This book also mirrors the spiritual development of a disciple. Just as Christ established His people and His church, He is also developing new believers today. When a person becomes a Christian, they are protected and held close to God. They are looked after closely like a mother with her newborn child. It is during this phase that the Christian puts down roots and begins to grow closer to Christ. As we get stronger spiritually God brings us into the next phase of our walk with Him.
As persecution scattered the Church and caused it to enlarge and grow, Christ allows persecution and pain into the lives of his followers. This causes the believer to grow and move spiritually in the direction that the Lord wants them to. Many times our Heavenly Father uses suffering to produce change in the believer’s life.
Just as Christ expanded his Church by moving and relocating people, God may move us from one place to another. Disciples have to be willing to make difficult decisions and be prepared to be used by God. The Christian needs to be ready to go where God directs or to simply wait on God as He molds and shapes each person for use in His kingdom. Thus, at this point the believer is able to stretch out and serve the Lord in new areas, which in their spiritual infancy seemed impossible.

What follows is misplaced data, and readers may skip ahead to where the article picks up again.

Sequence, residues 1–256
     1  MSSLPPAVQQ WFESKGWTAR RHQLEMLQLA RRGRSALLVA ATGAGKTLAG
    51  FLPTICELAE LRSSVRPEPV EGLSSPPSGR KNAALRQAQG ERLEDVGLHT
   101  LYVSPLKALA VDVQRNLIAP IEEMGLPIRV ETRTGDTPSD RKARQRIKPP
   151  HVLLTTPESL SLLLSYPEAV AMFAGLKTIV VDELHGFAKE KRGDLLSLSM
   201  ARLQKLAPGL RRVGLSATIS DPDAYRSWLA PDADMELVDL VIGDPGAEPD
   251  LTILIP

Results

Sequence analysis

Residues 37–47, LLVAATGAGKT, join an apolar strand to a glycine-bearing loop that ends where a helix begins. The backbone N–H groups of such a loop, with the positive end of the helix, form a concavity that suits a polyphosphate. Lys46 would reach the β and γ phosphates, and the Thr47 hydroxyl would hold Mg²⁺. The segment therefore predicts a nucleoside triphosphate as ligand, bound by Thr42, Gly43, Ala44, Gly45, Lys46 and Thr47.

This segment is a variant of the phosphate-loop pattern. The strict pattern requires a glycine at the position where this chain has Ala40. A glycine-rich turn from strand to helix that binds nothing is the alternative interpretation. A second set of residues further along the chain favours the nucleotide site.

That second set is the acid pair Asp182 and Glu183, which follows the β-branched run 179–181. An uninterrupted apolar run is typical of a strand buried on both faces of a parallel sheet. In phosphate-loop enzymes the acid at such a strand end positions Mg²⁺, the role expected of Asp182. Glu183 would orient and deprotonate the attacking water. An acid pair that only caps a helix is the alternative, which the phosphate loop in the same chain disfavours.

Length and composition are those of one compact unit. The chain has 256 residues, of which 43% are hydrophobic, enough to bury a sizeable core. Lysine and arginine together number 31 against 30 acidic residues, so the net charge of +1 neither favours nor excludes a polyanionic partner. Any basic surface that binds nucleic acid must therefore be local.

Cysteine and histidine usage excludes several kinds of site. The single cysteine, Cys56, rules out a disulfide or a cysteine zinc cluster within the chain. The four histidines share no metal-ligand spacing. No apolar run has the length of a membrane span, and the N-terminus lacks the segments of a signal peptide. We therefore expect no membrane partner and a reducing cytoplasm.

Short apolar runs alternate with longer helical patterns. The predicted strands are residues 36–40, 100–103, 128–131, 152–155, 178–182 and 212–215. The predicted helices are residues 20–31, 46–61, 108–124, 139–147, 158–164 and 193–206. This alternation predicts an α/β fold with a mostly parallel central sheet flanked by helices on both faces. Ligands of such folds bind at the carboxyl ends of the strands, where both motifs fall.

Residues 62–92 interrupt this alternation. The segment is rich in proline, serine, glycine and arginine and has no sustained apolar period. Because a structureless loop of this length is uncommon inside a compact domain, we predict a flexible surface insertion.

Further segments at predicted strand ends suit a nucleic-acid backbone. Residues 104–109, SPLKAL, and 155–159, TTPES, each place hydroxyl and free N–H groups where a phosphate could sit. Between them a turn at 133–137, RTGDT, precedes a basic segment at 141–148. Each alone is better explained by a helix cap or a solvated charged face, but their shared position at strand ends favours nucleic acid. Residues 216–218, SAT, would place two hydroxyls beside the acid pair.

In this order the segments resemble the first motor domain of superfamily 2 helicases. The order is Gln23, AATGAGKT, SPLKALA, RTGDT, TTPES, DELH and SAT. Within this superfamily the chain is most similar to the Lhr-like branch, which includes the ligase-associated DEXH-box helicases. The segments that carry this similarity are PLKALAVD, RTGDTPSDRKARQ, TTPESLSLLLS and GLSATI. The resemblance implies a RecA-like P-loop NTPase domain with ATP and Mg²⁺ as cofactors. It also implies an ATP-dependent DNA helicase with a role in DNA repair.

Jesus himself gives us the structure of this historical book. In Acts 1:8 he said, “But ye shall receive power, after that the Holy Ghost is come upon you: and ye shall be witnesses unto me both in Jerusalem, and in all Judea, and in Samaria, and unto the uttermost part of the earth.” (Italics added). Chapters 1-7 describe the beginning and growth of the Church in Jerusalem. The Church grew in Jerusalem for about two years. The apostle’s ministry focused on fellow Jews. It was during this time that the Church began to experience persecution amid their growth.